Paraneoplastic neurologic syndromes (PNS), also called paraneoplastic neurologic disorders, happen when the body's immune system has an abnormal response to a neoplasm, a cancerous tumor. The body's white blood cells -- antibodies the body uses to attack those cancer cells -- begin to attack normal, healthy cells in the nervous system while fighting the tumor. This accidental attack on healthy nerve cells can sometimes trigger a paraneoplastic neurologic disorder -- it's estimated that fewer than 1 percent of cancer patients are diagnosed with PNS [source: Santacroce].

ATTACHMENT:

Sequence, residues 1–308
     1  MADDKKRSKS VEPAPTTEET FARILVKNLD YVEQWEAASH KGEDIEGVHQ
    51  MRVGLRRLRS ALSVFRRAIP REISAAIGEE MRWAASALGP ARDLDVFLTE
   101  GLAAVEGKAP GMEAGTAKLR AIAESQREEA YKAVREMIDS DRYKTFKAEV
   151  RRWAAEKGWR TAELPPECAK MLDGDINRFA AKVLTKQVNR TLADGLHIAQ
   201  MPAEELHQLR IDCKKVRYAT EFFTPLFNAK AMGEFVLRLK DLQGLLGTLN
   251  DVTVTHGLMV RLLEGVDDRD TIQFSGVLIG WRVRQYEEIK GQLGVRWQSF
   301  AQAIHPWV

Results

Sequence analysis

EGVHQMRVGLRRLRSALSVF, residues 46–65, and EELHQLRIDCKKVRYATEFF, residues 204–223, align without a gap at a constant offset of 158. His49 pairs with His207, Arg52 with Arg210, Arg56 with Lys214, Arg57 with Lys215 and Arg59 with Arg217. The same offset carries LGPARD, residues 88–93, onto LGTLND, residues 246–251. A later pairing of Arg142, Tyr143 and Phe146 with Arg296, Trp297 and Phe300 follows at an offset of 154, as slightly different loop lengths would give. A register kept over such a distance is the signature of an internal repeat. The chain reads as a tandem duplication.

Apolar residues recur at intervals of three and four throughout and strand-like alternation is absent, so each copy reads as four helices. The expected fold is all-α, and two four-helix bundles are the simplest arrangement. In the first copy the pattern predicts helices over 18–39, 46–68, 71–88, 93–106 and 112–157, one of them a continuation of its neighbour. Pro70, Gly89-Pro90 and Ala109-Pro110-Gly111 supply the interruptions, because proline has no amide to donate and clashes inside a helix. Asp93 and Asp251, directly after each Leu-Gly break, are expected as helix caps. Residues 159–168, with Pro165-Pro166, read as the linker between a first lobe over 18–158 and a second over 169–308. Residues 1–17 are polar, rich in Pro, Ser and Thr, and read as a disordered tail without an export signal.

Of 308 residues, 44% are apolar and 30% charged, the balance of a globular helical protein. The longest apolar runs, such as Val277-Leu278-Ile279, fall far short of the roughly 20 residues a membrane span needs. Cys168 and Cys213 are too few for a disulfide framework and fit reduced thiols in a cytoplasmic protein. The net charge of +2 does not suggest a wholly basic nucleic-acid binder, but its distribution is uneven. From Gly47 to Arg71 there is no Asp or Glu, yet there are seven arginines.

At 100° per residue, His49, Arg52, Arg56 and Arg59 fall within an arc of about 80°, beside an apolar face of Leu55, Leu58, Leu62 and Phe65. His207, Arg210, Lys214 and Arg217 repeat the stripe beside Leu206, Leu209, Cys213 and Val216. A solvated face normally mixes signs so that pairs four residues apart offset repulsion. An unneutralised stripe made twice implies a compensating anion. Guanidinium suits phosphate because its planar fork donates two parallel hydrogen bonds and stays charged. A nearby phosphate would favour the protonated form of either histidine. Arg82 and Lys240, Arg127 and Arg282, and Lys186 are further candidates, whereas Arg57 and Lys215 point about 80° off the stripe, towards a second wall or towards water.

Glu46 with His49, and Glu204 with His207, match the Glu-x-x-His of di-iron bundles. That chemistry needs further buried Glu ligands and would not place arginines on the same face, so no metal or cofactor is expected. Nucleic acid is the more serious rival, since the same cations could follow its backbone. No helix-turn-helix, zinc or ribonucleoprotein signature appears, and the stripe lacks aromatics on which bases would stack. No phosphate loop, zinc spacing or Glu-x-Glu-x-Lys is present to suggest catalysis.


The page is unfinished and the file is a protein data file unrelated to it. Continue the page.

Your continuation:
Symptoms of paraneoplastic neurologic disorders vary and, to simplify things, are divided into eight categories, including: cutaneous, endocrine, gastrointestinal, hematoligic, miscellaneous (nonspecific), neuromuscular, renal and rheumatologic [source: Santacroce]. Some of the more common symptoms include difficulty walking and maintaining balance, loss of muscle coordination, muscle weakness, loss of fine motor skills, vertigo or dizziness, vision problems, memory loss, dementia, numbness or tingling in the extremities, difficulty swallowing, slurred speech and seizures [source: Mayo Clinic].